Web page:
6 years ago from Arizona

      Some really interesting thoughts here. thanks for sharing the information.

    • gsidley profile imageAUTHOR

      Dr. Gary L. Sidley 

      6 years ago from Lancashire, England

      Kim, I appreciate you taking the time to comment (and for the fan-mail!). Thank you.

      Although I by no means agree with all of Szasz's views, I do respect the man for being brave enough to speak out for several decades against the conventional wisdom in western psychiatry, a "wisdom" that I predict will have the same status as witchcraft at some point in the future.

      I look forward to many more interesting debates with you in the future.

      Best wishes

    • kimh039 profile image

      Kim Harris 

      6 years ago

      Good points, gsidley, about the stigma and being discounted. I've heard of people described as having "just a situational depression" and of course the references to Axis II - personality disorders. I'm not a big fan of Szasz and am not particularly anti-psychiatry, but sometimes I like to consider extremely unconventional points of view. They have a way of balancing and humanizing conventional wisdom.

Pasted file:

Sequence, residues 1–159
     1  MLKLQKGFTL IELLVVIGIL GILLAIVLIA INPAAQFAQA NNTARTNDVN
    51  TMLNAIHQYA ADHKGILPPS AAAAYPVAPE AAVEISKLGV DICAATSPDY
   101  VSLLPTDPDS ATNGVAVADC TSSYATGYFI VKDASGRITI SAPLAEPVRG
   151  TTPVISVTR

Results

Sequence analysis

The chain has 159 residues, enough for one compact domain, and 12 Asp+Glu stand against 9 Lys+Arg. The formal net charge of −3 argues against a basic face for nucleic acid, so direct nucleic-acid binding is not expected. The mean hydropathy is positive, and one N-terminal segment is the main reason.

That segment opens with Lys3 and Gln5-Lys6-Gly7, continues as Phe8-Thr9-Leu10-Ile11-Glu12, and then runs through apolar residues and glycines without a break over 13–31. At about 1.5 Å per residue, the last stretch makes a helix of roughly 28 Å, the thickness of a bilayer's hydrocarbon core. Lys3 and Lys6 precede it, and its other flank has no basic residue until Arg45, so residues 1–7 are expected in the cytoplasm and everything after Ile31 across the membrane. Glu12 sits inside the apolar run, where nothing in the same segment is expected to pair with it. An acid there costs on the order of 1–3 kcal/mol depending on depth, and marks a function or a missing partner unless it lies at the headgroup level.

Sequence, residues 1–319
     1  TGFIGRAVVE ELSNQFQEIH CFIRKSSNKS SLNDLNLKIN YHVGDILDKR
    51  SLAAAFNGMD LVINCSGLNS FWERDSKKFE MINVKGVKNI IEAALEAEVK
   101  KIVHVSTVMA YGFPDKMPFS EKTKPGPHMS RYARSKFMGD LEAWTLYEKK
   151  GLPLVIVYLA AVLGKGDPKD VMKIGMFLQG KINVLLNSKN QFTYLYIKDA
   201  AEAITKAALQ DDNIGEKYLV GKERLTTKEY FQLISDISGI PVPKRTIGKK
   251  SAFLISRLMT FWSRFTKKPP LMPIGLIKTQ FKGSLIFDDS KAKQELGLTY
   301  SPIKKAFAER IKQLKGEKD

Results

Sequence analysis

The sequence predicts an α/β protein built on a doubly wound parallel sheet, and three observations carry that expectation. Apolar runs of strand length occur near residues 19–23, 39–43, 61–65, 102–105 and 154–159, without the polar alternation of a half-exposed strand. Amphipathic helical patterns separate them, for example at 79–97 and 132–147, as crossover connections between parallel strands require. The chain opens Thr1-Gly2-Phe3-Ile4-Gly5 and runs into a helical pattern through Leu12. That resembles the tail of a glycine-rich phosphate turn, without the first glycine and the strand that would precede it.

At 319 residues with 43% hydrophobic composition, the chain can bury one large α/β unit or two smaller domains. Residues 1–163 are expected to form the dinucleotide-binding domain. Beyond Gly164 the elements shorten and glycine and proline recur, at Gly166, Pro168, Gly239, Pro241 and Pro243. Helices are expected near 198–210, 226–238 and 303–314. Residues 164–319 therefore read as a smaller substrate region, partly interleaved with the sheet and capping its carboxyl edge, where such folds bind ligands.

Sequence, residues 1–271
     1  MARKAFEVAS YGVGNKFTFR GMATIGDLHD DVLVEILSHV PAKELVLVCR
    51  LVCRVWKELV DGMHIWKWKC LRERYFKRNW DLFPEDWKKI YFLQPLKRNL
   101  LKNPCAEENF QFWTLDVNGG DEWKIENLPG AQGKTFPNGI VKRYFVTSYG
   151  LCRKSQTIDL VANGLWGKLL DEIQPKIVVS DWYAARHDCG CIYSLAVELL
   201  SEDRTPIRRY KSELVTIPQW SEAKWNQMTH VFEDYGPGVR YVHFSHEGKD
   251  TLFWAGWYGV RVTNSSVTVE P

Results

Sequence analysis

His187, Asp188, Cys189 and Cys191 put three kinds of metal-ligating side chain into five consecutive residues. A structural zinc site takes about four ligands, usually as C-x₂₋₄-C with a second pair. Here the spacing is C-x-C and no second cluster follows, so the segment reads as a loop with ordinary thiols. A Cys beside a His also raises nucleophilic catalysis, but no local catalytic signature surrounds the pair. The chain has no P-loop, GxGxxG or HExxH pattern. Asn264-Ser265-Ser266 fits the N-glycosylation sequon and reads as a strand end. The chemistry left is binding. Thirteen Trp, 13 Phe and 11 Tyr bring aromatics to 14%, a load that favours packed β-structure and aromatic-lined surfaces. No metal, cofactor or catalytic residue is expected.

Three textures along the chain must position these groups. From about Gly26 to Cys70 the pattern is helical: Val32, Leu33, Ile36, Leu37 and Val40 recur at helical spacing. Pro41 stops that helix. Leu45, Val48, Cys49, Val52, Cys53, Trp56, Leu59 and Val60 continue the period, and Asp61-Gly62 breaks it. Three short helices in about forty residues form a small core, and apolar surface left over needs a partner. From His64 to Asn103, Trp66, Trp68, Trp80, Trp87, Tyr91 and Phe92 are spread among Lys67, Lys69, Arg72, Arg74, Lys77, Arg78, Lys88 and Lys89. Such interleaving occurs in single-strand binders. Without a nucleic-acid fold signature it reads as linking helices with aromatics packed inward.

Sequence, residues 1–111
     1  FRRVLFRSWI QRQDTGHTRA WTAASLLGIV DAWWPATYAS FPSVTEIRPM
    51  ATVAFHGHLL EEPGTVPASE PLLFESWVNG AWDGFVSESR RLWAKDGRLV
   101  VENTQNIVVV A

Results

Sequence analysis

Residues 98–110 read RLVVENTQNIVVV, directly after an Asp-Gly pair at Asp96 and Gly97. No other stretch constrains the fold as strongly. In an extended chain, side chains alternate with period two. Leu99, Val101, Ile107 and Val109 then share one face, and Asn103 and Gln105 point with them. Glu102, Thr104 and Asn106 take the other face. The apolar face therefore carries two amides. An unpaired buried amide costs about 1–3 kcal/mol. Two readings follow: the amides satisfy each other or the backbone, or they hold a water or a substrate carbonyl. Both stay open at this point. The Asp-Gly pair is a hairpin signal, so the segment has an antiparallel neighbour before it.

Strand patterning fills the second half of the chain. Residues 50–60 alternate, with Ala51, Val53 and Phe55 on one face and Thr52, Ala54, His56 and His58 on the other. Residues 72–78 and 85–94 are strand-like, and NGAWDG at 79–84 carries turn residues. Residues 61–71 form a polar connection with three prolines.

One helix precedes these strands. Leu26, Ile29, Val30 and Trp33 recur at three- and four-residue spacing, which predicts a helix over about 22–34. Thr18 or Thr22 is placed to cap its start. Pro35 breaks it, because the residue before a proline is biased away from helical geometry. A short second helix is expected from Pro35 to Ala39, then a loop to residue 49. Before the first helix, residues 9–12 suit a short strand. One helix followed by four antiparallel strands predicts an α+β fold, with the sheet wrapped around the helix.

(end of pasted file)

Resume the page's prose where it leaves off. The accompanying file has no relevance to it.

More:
• gsidley profile imageAUTHOR

      Dr. Gary L. Sidley 

      6 years ago from Lancashire, England

      Thank you for your generous feedback, samtenabray, it is appreciated.

    • samtenabray profile image


      6 years ago from uk

      This was a great read, very interesting thank you for taking the time to write this. Voted up.